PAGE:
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Sunday, May 10, 2015

Saudi King Salman to snub Obama

Saudi King Salman may snub President Hussein Obama by not attending the Gulf State's summit that Obama is holding at Camp David this week.
Even before the announcement, Arab media was panning the upcoming summit.
What can be seen as positive is that Obama decided to address these concerns and objections at Camp David before any deal is signed with Iran, in order for Arab Gulf leaders to pose questions about the nature of the mysterious agreement and its potential repercussions on their nations. There is also a perception among them that the Camp David summit is just a marketing tool, from which Obama wants to promote the deal without making any real commitments or giving any clear answers.
But King Salman, as noted above, isn't planning on coming. Maybe because he doesn't believe he's going to get a meaningful commitment to defense from Obama. 
Publicly, both sides are stressing the need to strengthen the security cooperation, the common struggle against terrorism, and the imperative of containing Iran’s destabilizing policies. Ideally, some GCC states would like to sign binding defense treaties with the United States, but they know that this is beyond the realm of the possible, given the strong reluctance of the administration and opposition from Congress to anything that could conceivably diminish Israel’s qualitative military edge (QME). Still, some of them will push for a ‘strong, explicit and a written commitment from the President’, as one official said, that if a member of the GCC states is attacked by a foreign power, the United States will come to its defense. But, there is a strong reluctance within the Obama administration to enter into any long term and legally binding military commitment in the Gulf region, at a time when the administration is trying to ‘rebalance’ or ‘pivot’ to Asia, and after more than six years of setbacks and disillusionments in the region ranging from the collapsed Palestine-Israel peace efforts, the failed Libya intervention, the horrendous blunders in Syria, and the unraveling of the political/security structures that the U.S. had left in Iraq before its withdrawal. Publicly, U.S. officials say that there are no plans to reduce America’s high military profile in the Middle East (more than 35 thousand military personnel), but privately, they say that in 10 to 15 years the U.S. should not have more than few thousand military advisors, trainers and technicians involved in intelligence gathering and operating drones.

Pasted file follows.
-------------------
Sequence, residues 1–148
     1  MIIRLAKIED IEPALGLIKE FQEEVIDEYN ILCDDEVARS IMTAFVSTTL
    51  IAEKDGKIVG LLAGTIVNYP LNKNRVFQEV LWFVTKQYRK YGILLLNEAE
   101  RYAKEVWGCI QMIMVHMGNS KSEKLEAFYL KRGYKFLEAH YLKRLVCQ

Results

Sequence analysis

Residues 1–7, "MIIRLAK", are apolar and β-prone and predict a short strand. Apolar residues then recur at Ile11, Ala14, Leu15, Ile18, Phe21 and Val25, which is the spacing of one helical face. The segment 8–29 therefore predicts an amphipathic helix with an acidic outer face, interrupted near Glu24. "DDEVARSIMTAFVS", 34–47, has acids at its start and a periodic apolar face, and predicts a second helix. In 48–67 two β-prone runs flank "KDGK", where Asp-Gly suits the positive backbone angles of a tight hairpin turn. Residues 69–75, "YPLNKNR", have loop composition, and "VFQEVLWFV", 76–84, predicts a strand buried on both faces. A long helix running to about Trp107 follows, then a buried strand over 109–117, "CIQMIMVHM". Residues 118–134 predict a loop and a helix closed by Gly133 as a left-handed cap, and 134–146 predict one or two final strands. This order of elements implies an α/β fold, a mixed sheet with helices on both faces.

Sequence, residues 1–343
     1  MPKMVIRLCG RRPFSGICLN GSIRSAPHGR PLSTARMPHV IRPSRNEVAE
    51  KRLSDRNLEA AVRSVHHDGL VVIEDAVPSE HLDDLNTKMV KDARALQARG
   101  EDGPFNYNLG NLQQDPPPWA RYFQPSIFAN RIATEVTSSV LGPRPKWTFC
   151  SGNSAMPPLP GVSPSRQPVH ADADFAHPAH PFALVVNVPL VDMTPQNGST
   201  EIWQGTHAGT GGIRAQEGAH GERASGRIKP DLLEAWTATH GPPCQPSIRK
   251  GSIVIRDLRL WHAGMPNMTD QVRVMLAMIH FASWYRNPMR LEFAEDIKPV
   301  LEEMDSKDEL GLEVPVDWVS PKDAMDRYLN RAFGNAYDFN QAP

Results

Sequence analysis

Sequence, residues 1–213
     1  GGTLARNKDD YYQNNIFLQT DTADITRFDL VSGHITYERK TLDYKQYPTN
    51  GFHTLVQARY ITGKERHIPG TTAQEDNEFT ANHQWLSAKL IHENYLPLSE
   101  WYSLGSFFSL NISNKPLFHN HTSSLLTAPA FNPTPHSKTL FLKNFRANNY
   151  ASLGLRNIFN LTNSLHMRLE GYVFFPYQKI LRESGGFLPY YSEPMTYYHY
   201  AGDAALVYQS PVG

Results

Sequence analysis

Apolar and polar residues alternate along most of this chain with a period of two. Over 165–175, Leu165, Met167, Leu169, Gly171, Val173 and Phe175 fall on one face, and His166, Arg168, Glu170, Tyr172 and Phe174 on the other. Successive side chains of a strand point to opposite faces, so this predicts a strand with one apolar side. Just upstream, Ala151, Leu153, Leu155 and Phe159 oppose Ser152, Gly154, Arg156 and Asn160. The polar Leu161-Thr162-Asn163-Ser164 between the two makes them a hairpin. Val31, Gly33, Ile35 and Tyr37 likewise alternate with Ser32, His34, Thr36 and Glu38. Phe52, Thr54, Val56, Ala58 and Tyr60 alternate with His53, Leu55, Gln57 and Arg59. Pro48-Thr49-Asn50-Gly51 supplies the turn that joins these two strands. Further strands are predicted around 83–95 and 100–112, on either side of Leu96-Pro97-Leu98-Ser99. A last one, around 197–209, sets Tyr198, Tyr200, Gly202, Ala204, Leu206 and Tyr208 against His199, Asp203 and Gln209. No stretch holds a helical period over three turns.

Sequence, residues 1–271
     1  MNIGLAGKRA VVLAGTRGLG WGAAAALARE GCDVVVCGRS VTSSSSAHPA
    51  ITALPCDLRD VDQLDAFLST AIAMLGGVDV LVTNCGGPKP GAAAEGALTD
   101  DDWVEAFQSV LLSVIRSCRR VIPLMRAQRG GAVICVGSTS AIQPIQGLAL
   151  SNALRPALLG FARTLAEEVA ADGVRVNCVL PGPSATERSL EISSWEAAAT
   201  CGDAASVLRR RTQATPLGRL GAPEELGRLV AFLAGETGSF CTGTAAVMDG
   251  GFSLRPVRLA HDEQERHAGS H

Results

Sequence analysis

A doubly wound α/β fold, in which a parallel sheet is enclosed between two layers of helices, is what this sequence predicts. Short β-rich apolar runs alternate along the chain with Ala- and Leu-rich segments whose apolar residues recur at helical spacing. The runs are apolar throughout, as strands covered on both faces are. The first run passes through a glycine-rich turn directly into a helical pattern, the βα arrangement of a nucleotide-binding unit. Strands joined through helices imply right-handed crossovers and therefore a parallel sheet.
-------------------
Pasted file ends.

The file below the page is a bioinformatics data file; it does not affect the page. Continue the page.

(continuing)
And while the Arab media place much of the blame for their states' inability to get a commitment to their defense on Israel, the real reason why Obama won't commit to defending the Gulf States is much simpler. 
But even “something in writing” wouldn't address the Persian Gulf states' biggest problems. Iran isn't going to launch a conventional military attack; the mullahs in Tehran have never invaded any of their neighbors.
Instead, the real threats to their stability — and thus their ability to counter Iran — include their own sluggish economies; the recruitment of young gulf Arabs by terrorist groups such as Islamic State; and the spillover effects of nearby wars in Syria, Iraq and Yemen. Those problems can't be solved with security guarantees, missile sales or tough statements.
Oh and by the way, what does it mean to say that you'll defend the Gulf countries if Iran attacks them with nuclear weapons? That isn't really going to deter the Iranians, is it?

More here.

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